10 for 2010: Favorite Male Characters

Favorite Male Characters

We kick-off the 10 for 2010 series with my Favorite Male Characters in 2010. I like strong, male characters in books, but by strong, I don’t mean macho or all gung-ho and just masculine. I like guys that leave an impact — guys who are not afraid to admit their weaknesses, guys who aren’t afraid to cry, guys who know how to respect the people around them and still stand up for themselves or their family when needed. In short, I like my male characters real, as real as they can be in fiction.

Not all of these characters listed below are the main heroes. Some of them are sidekicks or supporting characters, and they deserve as much credit as the heroes do. The heroes won’t be heroes without them!

And now my 10 Favorite Male Characters from 2010 — these came from books I read this year, and in no particular order.

1. Happyface (Happyface by Stephen Emond) – He has no face except for a happy face. He’s probably one of the most real characters I’ve read this year, and I cannot stop expressing my love for this guy. He’s just…aww. To quote my review:

Happyface is the dorky boy in school who you would never have a crush on, but would be really good friends with. He’s the guy who’d draw stuff for you, join you in shopping and hand you a Christmas gift that he made himself, looking all awkward and blushing. He’s the guy you will call when you’re dating someone and you need someone to encourage you or tell you that everything will work out — heck, he may even help you work things out with the guy. Happyface is the guy who is secretly in love with you, and you may never ever know because he’s too shy to tell you about it.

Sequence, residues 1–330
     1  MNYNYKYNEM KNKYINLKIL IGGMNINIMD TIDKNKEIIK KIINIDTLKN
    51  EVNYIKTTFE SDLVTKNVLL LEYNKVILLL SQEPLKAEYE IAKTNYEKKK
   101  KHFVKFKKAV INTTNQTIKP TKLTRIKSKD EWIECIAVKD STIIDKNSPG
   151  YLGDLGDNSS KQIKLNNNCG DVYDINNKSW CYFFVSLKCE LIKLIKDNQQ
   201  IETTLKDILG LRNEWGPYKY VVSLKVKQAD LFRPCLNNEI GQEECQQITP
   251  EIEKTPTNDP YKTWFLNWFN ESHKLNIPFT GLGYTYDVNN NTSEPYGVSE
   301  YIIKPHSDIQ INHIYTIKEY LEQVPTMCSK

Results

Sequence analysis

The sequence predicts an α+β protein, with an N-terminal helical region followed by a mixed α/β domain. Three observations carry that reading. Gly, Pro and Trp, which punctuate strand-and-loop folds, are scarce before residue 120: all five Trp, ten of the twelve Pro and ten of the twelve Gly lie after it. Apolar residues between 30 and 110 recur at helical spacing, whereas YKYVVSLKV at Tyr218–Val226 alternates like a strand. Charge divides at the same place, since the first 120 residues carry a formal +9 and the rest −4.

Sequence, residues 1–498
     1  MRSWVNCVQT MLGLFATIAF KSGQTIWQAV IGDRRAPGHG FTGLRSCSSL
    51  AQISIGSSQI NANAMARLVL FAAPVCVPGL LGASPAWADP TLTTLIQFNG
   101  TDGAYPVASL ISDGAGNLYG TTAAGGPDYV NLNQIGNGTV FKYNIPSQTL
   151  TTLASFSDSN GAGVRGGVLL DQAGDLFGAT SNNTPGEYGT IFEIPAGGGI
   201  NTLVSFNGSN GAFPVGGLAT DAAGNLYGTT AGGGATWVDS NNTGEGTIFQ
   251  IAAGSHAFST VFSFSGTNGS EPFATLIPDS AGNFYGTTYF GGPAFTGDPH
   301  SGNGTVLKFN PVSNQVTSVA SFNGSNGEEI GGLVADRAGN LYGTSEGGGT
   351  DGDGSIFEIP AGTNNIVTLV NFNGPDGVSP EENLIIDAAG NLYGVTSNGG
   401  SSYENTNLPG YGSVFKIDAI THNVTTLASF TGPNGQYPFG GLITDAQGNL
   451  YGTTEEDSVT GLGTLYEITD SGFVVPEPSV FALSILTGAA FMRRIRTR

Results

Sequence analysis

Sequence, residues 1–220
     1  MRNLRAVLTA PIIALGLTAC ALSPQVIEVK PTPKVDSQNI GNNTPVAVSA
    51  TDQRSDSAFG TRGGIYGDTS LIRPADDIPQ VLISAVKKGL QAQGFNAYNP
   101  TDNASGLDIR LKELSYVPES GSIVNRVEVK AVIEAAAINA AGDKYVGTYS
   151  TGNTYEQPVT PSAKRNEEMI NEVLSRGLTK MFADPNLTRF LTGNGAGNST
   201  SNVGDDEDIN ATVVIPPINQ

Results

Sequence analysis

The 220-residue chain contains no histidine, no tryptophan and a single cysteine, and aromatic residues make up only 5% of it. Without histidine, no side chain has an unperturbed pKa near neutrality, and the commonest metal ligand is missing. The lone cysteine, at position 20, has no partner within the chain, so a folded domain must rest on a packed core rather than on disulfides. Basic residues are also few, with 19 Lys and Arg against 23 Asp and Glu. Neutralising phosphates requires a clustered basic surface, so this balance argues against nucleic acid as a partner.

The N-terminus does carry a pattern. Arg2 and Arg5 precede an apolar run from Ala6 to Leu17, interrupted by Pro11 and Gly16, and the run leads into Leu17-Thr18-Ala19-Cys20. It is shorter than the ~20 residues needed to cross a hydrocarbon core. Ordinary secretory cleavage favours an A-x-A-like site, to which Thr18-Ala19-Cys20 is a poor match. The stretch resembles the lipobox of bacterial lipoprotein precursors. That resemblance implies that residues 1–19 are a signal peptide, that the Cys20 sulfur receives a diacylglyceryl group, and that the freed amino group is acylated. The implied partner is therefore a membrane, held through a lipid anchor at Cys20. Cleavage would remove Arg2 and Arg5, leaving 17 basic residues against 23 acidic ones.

2. Radar (Paper Towns by John Green) – one of my favorite John Green sidekicks. I love that he’s black, and I love that he’s the ultimate geek in their little trio. I also love that Radar’s parents have the biggest collection of black Santas in the world. Radar is the type of friend who you’d normally forget, and he knows it, but when you need him, he will be there. Q is lucky to have him as a friend.